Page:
Last weekend I had the joy of being able to attend one of The Hague’s most-loved cultural events. Crossing Border is a music and literature festival and each year, while my teenage sons feast on a range of eclectic musical tastes, I make a beeline for the writers. I love to hear them being interviewed. It fascinates me to find out that these icons, these people I revere, are all pretty normal. It is thanks to Crossing Border that I have discovered new writers, like Stefan Merrill-Block, who wrote the wonderful Story of Forgetting. And it was here that I discovered the wonderful writing of MJ Hyland and This is How.
This year, I was reintroduced to the surprisingly ordinary Roddy Doyle and the definitely rather naughty DBC Pierre, but the thrill of the night came from an interview between two unusual poets – the Ronnie Wood lookalike punk poet, John Cooper Clarke, and the hiphop rapper/poet with the name inspired by an Edward Lear poem, Scroobius Pip. Clarke is in his 60s, Pip in his 30s. If you saw them together you would consider them a strange union. One is gangly, dresses scruffily in jeans and teshirts and sports a long dark beard. The other is whippet skinny in skinnier black jeans, has a black feather duster hairdo and wears yellow-lenses in his oversized reading glasses. Yet, onstage it became clear that they had much more in common than the dead pan dullish delivery of their far from lyrical poems. Yet, these two poets must be feted and thanked for what they have done. They have brought poetry to the people, they have performed at slam and open mike events and Clarke now gigs as as a stand up too. It is not the perfection of their poems that makes them worthy. No. Many of their works would have Wilfred Owen turning in his grave. It is the depth, the meaning and the points of their poems. The stories they tell and the messages they convey.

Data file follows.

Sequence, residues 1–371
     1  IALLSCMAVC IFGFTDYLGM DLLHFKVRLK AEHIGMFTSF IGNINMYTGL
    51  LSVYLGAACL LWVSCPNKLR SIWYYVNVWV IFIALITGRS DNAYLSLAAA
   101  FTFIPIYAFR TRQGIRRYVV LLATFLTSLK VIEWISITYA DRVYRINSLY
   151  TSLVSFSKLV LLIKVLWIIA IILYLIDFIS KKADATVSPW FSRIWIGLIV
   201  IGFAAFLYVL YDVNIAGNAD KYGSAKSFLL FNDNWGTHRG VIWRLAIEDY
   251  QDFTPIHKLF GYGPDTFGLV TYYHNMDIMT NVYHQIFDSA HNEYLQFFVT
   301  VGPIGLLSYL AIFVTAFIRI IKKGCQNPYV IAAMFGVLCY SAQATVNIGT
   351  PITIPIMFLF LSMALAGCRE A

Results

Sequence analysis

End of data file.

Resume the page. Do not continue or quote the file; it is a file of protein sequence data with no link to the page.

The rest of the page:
When I am helping my students and mentees to write I often find myself reminding them that whatever they write must have a point. It must have a purpose, a reason to live. The world has to be a better place for having those words in it. I believe that poets have to be wise. They have to be insightful and to be able to write words that resonate or provoke. Pip writes of dark subjects such as suicide, poverty and self-harming. Cooper Clarke writes about hire cars, streets and shirts. Every poem deserves to be there.
It stands to reason then, that the wisdom of these two unusual poets is worth sharing with you here. So here are my top three lines:
“[being a poet] is a 24/7 job. When we’re not working we’re observing and being inspired,” said Pip.
“The best thing about being a poet is that nobody can prove you’re not working,” continued John.
“[poets, however] can become burdened by significance,” said John, leaping up from his seat in excitement for having found exactly the right words.
The purpose, or point, or meaning of my trip to this year’s Crossing Border was just this – that what you have to say can often be worth far more than how you write it. That the way you deliver, write or perform your words can make all the difference in the world and that if you are a writer you will find parallels and metaphors everywhere you look. After all, you are working 24/7.
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